Wednesday, January 16, 2008

nuclear energy and the debates

I wrote a comment regarding nuclear energy from the post below, but it was so long I thought it'd be a good idea to repost it here.

A lot of people involved in the debate about nuclear energy aren't informed about the mechanics of nuclear power and its benefits. Its not a perfect solution, but it offers a reliable, safe, and extremely well regulated source of power. If you have doubts, look no further than the U.S. Navy which has operated nuclear reactors for over 50 years.

Regarding the Democratic debates, I went to a John Edwards rally over the summer and became dissatisfied with his energy policy after his adamant refusal to support an increase in nuclear energy. I'm not a one topic voter, but I feel so strongly about the benefits nuclear power holds that I wrote him off.

Ultimately I think education of the public will help to alleviate the barriers of building new reactors in the U.S. There is a stigma against nuclear energy after Chernobyl and Three Mile Island, but education about why there were disasters involving the reactors needs to be done. Additionally, advances in reactor design, waste management, and heavy regulation by the NRC have addressed those problems.

I really believe that nuclear energy should be looked at seriously for the future.

David Wogan


Alix Broadfoot said...

I think nuclear energy is a good option to the energy mix our country will have to develop in the future, but I have my doubts. Not as much about the technology, but the policy. Senator Harry Reid says "The proposed Yucca Mountain nuclear waste dump is never going to open." I don't see any solutions to the storage problem being developed by our policy makers that will appeal to everyone, or even enough people to pass in Congress.

Anonymous said...

You have a great point. No one wants a nuclear waste dump in their backyard, town or state. But at the same time, a lot of people aren't aware of what goes into a nuclear waste site. Most of the nuclear waste produced in the U.S. is in the form of medical waste. The things that go into the biohazard bins in the hospital rooms have to go somewhere, as do components for x-ray machines etc.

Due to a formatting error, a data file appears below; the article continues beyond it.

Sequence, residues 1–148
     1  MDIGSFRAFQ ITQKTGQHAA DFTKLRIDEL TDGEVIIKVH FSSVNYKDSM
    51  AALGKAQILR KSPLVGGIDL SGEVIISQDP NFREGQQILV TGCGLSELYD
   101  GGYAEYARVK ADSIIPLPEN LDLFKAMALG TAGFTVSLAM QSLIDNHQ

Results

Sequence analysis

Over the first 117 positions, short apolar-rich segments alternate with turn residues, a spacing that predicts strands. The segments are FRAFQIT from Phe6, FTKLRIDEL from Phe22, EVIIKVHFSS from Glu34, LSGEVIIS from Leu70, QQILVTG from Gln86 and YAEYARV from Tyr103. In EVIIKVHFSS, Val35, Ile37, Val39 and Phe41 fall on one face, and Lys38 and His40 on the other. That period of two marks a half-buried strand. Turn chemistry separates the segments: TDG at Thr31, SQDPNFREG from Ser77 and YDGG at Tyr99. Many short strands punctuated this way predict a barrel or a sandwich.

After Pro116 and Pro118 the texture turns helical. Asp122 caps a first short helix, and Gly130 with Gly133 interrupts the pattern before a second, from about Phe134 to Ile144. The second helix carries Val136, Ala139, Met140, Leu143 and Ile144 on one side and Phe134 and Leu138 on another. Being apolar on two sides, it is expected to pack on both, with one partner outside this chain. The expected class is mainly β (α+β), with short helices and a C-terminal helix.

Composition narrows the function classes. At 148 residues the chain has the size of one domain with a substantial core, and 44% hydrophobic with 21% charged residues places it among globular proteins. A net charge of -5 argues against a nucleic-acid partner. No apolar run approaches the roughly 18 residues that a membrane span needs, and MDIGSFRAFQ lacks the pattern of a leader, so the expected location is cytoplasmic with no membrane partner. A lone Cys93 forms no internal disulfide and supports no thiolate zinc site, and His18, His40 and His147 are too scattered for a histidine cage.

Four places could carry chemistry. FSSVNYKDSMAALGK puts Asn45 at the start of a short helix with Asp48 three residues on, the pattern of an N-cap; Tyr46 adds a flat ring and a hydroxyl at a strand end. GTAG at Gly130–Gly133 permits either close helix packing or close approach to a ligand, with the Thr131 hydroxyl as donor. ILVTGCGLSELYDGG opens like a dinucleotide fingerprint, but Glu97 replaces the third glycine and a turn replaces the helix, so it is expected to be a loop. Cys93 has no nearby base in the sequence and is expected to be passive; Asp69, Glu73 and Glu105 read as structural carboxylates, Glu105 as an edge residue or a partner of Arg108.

I really think the bottleneck is in education. Educating the public on what exactly makes up radioactive waste, how long it takes to decay etc.. will go a long way in shaping the policy debate. Most people don't know that you receive a higher dose of radiation from a cross country flight than those on site at Three Mile Island, for example.

As for finding a policy option that deals with radioactive waste, I agree in that I don't know if anyone will ever want a site built in their backyard. Yucca Mountain has tons of problems with regard to financing and schedules, but at the end of the day no one wants a site near them.

The sad thing is that this isn't confined to just nuclear waste sites. An article from the NYTimes (free registration required) a few months ago talked about how residents of New York state wanted greener power options, but no one wanted wind turbines built along the mountains because they ruined the view.

Everyone wants clean power but no one wants it near them.

The solution for nuclear waste is in advanced reactor designs that burn up waste, reducing the amount that needs to be stored long term. Will we have a policy decision that incorporates this, or storage?? Who knows.